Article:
(non-EC system)
system.
Remote
terminal
Administrative
console
Printer
Modem
Modem
A/B
switch
Meridian
Mail
MMP40
(Meridian Mail
Processor 40)
Link
Local
Switch
Voice and/or
multimedia
channels
g100106
Standard 1.0
System Administration Guide
January 1998
Logging on
3-17
Logging on from a remote terminal (non-EC system)
Coordinating a
remote logon
Because no administrative functions can be carried out from the
local console while a remote logon is in effect, a remote logon
should be coordinated with the local administrator.
Logging on from a
remote terminal
(non-EC system)
To log on from a remote terminal on a non-EC system, follow
these steps.
Starting Point: The Logon/Status screen at the local administration
console
Step Action
1
Change the A/B switch setting to remote.
2
Notify the user at the remote terminal. The user at the remote
terminal does the following:
a.
b.
c.
d.
Disabling remote
terminal access
(non-EC system)
Dial in to the modem.
Press <Ctrl> <r> to display the Logon screen.
Type the administration password.
Carry out administrative tasks as required, and then log off.
To disable remote terminal access on a non-EC system, follow
these steps.
Step Action
1
At the local site, change the A/B switch back to the local
setting.
Result: Control is returned to the local console where the
Logon/Status screen is again displayed.
Standard 1.0
System Administration Guide
January 1998
3-18
Logging on
Logging on from a remote terminal (EC system)
Logging on from a remote terminal (EC system)
Introduction
This topic explains how to log on to the system through a
remote terminal on a Modular Option EC system.
If your installation has a remote administration terminal
installed for service personnel, administrative functions can be
performed remotely.
Your logon password is the same for both the main
administration terminal and the remote terminal.
The administrative functions described in this guide are
identical whether viewed from the local administration terminal
or from the remote terminal.
Standard 1.0
System Administration Guide
January 1998
Logging on
3-19
Logging on from a remote terminal (EC system)
Typical remote
The following diagram shows a typical remote terminal
terminal configuration configuration for a Modular Option EC system.
(EC system)
Remote
terminal
Administrative
console
Printer
Modem
Modem
A/B
switch
Meridian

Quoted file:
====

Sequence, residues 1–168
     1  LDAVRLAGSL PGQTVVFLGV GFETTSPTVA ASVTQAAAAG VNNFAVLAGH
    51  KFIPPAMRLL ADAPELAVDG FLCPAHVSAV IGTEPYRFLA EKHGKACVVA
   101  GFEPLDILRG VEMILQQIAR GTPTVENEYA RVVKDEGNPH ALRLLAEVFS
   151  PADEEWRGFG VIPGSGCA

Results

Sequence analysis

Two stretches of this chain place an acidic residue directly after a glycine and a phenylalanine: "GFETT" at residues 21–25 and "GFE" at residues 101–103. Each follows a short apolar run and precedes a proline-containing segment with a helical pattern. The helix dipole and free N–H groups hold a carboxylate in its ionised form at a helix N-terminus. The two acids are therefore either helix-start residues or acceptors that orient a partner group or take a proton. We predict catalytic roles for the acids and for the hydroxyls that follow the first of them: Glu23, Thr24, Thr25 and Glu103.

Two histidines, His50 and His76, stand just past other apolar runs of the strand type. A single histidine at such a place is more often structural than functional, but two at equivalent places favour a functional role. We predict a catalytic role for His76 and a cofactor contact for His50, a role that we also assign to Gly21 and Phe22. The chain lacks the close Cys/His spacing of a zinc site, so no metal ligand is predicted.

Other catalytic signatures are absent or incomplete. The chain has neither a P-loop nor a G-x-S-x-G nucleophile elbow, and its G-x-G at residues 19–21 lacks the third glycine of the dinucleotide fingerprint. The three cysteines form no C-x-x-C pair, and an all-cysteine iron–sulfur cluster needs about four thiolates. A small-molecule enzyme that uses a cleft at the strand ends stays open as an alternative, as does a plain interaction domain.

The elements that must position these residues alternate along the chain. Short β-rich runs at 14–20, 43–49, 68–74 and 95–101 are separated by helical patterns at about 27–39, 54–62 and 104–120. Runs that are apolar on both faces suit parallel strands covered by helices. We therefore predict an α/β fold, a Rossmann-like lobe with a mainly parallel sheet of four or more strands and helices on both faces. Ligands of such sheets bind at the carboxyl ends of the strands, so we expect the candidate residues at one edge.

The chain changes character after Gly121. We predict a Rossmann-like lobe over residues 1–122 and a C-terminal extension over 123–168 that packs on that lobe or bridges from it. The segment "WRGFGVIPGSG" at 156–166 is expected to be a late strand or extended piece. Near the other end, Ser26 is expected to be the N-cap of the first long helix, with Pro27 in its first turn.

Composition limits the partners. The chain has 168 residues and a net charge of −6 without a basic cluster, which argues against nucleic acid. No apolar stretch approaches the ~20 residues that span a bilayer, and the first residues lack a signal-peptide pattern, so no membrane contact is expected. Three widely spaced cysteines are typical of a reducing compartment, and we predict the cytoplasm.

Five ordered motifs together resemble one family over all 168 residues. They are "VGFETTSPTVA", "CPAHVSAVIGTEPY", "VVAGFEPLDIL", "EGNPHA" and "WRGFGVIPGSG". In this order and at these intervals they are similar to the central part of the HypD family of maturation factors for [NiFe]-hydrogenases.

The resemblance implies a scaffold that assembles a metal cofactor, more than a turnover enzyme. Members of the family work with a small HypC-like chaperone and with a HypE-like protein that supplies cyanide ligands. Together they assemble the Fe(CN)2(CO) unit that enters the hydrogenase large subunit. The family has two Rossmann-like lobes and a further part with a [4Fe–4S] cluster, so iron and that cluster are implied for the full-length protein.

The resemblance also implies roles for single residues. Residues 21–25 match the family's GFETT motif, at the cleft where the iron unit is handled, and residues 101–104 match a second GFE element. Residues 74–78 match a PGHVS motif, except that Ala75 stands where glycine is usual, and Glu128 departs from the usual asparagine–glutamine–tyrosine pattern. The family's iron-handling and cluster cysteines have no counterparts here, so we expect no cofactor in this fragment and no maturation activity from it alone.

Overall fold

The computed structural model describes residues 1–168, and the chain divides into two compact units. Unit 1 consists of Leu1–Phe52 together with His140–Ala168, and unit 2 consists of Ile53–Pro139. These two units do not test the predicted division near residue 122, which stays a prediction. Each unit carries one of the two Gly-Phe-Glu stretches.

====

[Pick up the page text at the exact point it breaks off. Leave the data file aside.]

Mail
MMP40
(Meridian Mail
Processor 40)
Link
Local
Switch
Voice and/or
multimedia
channels
g100106
Standard 1.0
System Administration Guide
January 1998
3-20
Logging on
Logging on from a remote terminal (EC system)
Typical remote
The following diagram shows a typical remote administration
terminal configuration configuration with an internal modem on the utility card for a
(EC system with
Modular Option EC system.
internal modem)
Remote
terminal
Administrative
console
Printer
Modem
(a)
Meridian
Mail
UTIL
(b)
MMP40
(Meridian Mail
Processor 40)
Link
Local
Switch
Internal
Modem
Voice and/or
multimedia
channels
g100105
Standard 1.0
System Administration Guide
January 1998
Logging on
3-21
Logging on from a remote terminal (EC system)
Coordinating a
remote logon
Because no administrative functions can be carried out from the
local console while a remote logon is in effect, a remote logon
should be coordinated with the local administrator.
Logging on from a
remote terminal
(EC system)
To log on from a remote terminal on an EC system, follow these
steps.
Starting Point: The Logon/Status screen at the local administration
console
Step Action
1
To bring up the COBRAVT selection window, press <Ctrl> <w>.
Result: The COBRAVT selection window is displayed.
Note: For help using COBRAVT, type a question mark (?). A
help screen is displayed.
2
Type m (case does not matter).
3
Notify the user at the remote terminal.
4
Dial in to the modem. The user at the remote terminal does the
following:
a. Press the <Break> key to gain control of the console.
b. Type the administration password.
Standard 1.0
System Administration Guide
January 1998
3-22
Logging on
Logging on from a remote terminal (EC system)
Disabling remote
terminal access
(EC system)
To disable remote terminal access, follow these steps.
Starting Point: The Logon/Status screen at the local administration
console
Step Action
1
To bring up the COBRAVT selection window, press <Ctrl> <w>.
Result: The system displays the COBRAVT selection window.
2
Type m (case does not matter).
Result: Control is returned to the local console where the
system again displays the Logon/Status screen.